Maybe Substack is that place?

My Backstory & Why Substack

I got my start in publishing back in the mid-'90s, writing for and then editing a West Coast rave magazine called Lotus. The magazines were given away for free at record stores and boutiques and raves, and the free-ness was a big part of the brand. We weren't about selling out, man! We weren't like those money-grubbing bastards at XLR8R. (…Who, it should be noted, are still in business. Unlike Lotus.)

But of course, the truth is Lotus was about selling out — we just sold out to advertisers instead of readers.

In the late '90s and early '00s, I supported myself as marketing copywriter for businesses like Microsoft and Amazon. I wrote whatever someone would pay me for, which meant stuff like ear and nose hair trimmerssquirrel-proof bird feeders, operating systems, and urine testing kits. I freelanced for alt-weeklies for a few hundreds bucks here and there, but mostly I wrote whatever I could make the most money writing — which was corporate bullshit. I called myself a word whore — you hire me, I write about whatever you want. Voice for hire.

Writing the Offbeat Bride book in 2005 was supposed to be my big ticket away from advertiser-supported or corporate writing. I launched offbeatbride.com just to help me sell books! Of course, I quickly realized that I made only $1.50 per book, and that there was no way to live off of book residuals. Within six months of launching offbeatbride.com, I realized that it was way easier for me to sell an ad for $100 than it was to try to convince 65 random people on the internet to buy my book… and VOILA! The Offbeat Empire was born.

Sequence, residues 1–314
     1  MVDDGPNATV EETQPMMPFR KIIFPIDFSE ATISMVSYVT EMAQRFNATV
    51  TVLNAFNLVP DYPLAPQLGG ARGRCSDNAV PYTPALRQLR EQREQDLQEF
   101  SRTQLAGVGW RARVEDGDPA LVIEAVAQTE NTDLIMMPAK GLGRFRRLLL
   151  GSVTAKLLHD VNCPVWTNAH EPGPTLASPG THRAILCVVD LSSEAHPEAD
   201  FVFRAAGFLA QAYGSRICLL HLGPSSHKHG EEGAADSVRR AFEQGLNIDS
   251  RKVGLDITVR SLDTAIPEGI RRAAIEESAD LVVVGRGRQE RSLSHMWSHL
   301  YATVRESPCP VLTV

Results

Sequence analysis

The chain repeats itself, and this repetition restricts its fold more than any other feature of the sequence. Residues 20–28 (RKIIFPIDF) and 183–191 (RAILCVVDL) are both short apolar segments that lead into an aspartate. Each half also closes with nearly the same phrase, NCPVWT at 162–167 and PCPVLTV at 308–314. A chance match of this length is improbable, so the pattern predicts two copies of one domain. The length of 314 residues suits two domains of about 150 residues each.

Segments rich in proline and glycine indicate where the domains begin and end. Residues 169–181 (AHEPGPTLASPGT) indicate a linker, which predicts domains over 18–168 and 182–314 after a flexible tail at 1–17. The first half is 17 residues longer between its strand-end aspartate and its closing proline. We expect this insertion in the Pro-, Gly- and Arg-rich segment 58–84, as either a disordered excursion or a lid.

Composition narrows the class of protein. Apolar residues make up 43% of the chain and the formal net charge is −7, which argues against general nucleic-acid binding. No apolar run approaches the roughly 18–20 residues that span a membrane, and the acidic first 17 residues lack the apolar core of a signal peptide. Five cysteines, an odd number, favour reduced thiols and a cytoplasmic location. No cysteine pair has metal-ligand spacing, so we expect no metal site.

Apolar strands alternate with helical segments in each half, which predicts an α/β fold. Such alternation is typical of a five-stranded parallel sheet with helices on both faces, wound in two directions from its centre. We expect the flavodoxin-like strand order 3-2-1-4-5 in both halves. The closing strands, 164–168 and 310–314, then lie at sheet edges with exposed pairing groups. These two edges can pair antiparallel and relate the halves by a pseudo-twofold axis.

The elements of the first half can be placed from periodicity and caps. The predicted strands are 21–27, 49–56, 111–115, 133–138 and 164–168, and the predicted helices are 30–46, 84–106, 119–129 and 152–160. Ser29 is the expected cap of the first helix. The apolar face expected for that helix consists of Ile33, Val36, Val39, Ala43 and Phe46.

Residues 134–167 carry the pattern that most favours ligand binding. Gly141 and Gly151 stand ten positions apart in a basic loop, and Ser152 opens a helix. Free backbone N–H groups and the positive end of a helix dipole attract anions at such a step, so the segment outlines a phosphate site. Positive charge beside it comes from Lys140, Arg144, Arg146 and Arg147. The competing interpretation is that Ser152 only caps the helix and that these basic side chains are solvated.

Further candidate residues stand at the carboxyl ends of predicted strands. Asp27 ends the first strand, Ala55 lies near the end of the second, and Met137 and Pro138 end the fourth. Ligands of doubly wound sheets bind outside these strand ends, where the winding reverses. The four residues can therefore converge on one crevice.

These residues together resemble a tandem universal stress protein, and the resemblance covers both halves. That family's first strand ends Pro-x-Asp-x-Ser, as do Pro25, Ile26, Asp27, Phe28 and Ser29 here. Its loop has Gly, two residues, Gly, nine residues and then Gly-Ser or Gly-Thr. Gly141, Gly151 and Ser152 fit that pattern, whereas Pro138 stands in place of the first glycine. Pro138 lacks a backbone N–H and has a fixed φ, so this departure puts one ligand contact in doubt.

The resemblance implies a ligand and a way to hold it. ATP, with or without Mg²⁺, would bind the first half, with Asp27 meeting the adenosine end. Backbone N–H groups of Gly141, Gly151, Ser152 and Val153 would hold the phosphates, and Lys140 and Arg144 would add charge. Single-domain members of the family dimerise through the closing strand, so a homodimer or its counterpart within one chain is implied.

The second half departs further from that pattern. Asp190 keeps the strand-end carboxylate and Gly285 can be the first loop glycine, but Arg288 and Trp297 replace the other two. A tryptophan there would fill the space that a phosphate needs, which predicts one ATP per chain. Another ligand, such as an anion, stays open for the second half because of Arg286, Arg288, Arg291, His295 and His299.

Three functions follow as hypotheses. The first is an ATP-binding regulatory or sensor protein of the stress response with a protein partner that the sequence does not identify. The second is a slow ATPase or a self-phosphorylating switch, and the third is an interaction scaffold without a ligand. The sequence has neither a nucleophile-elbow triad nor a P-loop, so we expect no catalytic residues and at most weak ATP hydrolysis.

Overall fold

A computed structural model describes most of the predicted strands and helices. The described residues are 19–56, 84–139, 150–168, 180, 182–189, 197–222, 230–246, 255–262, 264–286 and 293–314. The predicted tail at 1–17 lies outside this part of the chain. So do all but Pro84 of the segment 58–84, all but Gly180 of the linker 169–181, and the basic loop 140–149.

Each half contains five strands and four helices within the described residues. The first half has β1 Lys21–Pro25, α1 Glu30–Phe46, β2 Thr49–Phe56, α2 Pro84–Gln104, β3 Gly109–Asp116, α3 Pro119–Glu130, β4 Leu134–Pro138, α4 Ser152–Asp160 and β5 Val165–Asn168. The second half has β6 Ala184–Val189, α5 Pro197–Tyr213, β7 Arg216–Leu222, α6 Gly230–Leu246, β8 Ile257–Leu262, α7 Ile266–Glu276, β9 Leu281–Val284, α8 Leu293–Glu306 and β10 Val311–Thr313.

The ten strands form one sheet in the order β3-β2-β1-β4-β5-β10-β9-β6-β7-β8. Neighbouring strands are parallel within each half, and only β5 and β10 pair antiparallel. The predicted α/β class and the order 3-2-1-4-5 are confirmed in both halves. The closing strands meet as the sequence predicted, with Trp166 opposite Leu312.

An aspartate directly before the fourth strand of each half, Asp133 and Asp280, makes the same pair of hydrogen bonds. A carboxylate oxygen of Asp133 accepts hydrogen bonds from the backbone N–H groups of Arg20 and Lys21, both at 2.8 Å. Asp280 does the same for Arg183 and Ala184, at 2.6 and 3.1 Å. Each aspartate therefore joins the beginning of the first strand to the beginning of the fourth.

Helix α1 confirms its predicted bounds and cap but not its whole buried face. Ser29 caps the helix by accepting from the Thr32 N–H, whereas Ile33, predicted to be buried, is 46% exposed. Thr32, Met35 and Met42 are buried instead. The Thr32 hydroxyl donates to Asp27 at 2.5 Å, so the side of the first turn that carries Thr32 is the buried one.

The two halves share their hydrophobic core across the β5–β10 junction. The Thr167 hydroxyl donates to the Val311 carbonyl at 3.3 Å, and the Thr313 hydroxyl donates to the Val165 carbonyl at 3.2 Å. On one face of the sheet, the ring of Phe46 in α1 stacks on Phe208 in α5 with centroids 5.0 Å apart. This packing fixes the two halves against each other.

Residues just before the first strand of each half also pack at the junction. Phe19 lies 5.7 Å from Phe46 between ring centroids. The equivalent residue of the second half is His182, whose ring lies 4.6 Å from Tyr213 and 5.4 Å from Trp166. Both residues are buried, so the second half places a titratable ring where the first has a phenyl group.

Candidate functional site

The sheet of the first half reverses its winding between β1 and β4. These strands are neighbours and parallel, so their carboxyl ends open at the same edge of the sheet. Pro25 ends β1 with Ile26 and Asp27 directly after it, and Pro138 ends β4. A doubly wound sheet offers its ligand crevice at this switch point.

Selling ads worked well on offbeatbride.com, but not on the other sites. Remember when Offbeat Mama was still a thing, and the readership was openly hostile toward sponsored posts? Consistently, sponsored posts would bring out a tiny, extremely vocal slice of the readership who found it personally offensive that a website about nontraditional parenting would promote a $40 organic cotton onesie. Does anyone remember that post I wrote years ago called How to slowly kill a website you love?

Over the years, I've experimented with making the sites more reader-supported, but all attempts quickly failed. Big huge publishers with global followings are still trying to make paywalls work, so I can't feel bad that as a bootstrapper in Seattle with way less resources, I'd fail too. Most people do not want to pay for content on the web, the end.

Exploring different storytelling business models

I dedicated much of 2018 to a self-publishing project called PROS BEFORE BROS, a tiny erotic art book/jewelry pairing that I sold as part of a luxe package.